Our novel probe design exploits component miniaturization as well as the integration of sensors and other components. But here’s where it gets really interesting: GlobalSense probes can provide measurement accuracy equivalent to or even better than currently accepted instrumentation. Continue reading

Concerned Citizen: “So, What is the Cost of Building SG 2.0?” The Engineer Ultra: “Ahem……about $407 Billion!”

("....and that’s not all", he said, sotto voce, "we also need about $1.6 trillion for non-Smart-Grid power system infrastructure".)

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 Breaking Down the Cost of the Smart Grid

Dom Geraghty

 

This dialog continues our series on The State of the Smart Grid, providing context for SG 2.0 business cases to follow. This dialog is fairly long, at about five pages (ouch!) but broken up into digestible pieces with lots of bullets -- we are hoping that you will find it gripping enough to make it to the end…..it is a really important topic, and we provide lots of numbers. All references are available in our Archives here, as well as directly linked to the source.

Definitions are important when you talk about costs (or benefits) of SG 2.0 and its applications*.

10. DSC_1334-150x150AMI is not the Smart Grid (SG) -- it is enabling infrastructure (iX) that supports automated meter reading and a few SG applications (SG 1.0). It lacks the band-width and speed necessary to provide grid automation and control, i.e., to make the grid “smart” and deliver the full benefits of SG 2.0 applications.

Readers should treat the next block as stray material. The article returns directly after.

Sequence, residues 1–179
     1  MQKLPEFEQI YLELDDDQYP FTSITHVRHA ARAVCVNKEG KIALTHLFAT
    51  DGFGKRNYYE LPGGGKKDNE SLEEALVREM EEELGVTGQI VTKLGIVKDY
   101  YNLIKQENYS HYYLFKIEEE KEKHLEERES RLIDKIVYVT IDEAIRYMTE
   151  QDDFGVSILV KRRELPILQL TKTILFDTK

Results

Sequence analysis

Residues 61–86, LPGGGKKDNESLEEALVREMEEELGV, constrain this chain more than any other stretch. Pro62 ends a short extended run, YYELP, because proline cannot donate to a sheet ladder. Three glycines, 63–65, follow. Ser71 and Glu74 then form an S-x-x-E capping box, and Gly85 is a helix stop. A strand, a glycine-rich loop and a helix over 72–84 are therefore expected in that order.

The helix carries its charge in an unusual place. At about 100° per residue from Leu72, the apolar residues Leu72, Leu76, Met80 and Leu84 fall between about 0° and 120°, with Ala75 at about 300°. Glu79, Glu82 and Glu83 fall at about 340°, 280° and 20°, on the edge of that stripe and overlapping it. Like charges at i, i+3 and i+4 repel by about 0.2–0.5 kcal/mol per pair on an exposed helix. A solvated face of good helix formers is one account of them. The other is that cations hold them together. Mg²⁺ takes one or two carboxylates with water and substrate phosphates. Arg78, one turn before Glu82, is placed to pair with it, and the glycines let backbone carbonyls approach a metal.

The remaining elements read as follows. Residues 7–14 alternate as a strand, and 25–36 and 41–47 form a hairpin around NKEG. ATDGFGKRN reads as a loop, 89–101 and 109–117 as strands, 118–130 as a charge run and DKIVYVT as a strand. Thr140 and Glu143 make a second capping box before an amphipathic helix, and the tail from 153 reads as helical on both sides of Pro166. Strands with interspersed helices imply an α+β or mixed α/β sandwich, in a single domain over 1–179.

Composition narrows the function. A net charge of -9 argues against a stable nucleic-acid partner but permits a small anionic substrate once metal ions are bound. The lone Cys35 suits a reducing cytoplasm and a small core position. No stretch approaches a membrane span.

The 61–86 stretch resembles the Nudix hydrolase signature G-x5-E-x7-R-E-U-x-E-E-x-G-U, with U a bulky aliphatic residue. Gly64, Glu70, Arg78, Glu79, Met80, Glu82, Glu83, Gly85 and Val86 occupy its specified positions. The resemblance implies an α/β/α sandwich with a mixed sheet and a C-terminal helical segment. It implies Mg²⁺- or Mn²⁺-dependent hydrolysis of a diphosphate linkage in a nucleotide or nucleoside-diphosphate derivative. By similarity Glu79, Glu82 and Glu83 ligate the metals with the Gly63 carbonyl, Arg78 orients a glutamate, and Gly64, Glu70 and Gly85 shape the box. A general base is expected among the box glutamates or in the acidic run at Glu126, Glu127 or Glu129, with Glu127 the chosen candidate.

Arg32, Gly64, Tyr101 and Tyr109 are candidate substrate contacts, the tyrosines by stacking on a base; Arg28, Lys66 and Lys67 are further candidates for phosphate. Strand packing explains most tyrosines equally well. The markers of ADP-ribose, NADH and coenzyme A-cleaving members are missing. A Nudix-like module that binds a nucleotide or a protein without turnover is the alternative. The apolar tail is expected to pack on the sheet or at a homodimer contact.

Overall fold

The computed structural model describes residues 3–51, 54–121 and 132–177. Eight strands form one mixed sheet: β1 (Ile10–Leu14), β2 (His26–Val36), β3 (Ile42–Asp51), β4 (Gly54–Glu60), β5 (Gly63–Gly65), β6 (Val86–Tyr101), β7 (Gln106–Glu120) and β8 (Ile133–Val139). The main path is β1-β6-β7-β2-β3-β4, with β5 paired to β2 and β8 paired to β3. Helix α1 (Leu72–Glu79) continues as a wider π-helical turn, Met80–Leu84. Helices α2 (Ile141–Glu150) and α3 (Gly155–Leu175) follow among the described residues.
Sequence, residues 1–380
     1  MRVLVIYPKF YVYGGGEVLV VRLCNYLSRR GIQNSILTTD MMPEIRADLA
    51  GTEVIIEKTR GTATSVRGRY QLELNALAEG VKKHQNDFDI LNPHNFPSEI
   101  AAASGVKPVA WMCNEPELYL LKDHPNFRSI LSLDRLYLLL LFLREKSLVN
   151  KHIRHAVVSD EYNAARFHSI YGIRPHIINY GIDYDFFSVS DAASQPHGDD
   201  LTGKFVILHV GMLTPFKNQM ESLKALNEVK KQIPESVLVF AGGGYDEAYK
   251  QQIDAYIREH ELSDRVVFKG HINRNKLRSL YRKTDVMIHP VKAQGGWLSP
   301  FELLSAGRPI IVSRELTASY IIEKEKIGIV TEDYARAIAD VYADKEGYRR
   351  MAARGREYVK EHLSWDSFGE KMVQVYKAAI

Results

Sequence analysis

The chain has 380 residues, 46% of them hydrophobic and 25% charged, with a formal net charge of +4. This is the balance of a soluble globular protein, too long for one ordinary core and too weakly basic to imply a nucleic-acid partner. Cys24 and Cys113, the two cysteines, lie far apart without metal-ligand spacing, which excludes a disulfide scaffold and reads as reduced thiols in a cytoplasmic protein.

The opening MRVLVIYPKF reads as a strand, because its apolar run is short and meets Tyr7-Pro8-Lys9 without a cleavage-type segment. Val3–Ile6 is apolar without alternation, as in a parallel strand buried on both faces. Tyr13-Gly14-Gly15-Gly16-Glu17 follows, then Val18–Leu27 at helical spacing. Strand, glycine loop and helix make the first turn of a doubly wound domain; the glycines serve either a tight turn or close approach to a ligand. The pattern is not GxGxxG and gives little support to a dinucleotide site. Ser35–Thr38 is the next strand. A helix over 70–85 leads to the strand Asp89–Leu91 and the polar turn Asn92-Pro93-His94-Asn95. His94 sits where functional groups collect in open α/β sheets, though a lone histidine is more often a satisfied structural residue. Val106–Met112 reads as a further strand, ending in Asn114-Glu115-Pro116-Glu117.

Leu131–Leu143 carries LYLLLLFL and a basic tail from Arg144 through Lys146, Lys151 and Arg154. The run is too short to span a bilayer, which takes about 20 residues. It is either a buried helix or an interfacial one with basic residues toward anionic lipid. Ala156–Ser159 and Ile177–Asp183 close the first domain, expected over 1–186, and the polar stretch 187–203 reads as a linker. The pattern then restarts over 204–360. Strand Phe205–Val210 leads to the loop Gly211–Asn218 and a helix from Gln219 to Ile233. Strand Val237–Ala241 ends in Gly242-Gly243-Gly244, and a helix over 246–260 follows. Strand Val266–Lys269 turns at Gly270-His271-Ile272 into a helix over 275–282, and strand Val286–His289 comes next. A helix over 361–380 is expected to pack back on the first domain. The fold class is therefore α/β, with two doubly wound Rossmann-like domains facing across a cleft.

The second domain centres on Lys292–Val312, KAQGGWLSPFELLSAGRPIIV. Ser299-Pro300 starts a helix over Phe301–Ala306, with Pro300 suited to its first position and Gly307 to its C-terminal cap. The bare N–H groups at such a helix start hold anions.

*We are using our new standard definition of SG 2.0 (see here) which differentiates SG 2.0 applications from (a) the infrastructure (iX) that enables them, and (b) legacy AMI 1.0 applications.

What Has Been Spent to Date

The power industry has made a very large investment in AMI, i.e., SG 1.0. There are about 40 million (see EIA, Pike) smart meters deployed in the U.S., costing an estimated $100 - $125 per installed unit, for a total cumulative cost to date of $4 billion to $5 billion.

Included in this number is $813 million in ARRA government funds that were provided for AMI deployments. Note that since the completion of the ARRA program, shipments of smart meters in N.A. have slipped 42% to 7.2 million in 2013 from their peak in 2011 of 12.4 million. A substantial amount of additional ARRA funding was also provided for the early deployment and demonstration of selected SG 1.0 applications.

If we want to transition to SG 2.0, it is clear that we’ll have to make an even larger investment than that which has been made to date for AMI. This investment in SG 2.0 will likely be spread out over a 20 – 30 year period as we transition to full SG 2.0 capability.

What Will the Transition to SG 2.0 Cost?

Continue reading

Building the New SG 2.0 Infrastructure (IV) – “Where Are My Customer Benefits?”

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Dominic Geraghty

 

This dialog discusses the sixth success condition for SG 2.0 – the electricity customer.

Customer’s electricity bills will continue to increase because SG 2.0 needs new iX.

Since the NPVs of AMI investments are less than zero, they cannot reduce customers’ bills. It is the SG 2.0 applications that create NPVs greater than zero.

If the current AMI infrastructure were capable of enabling SG 2.0, then the deployment of SG 2.0 applications would gradually lead to reductions in customers’ bills, everything else remaining constant.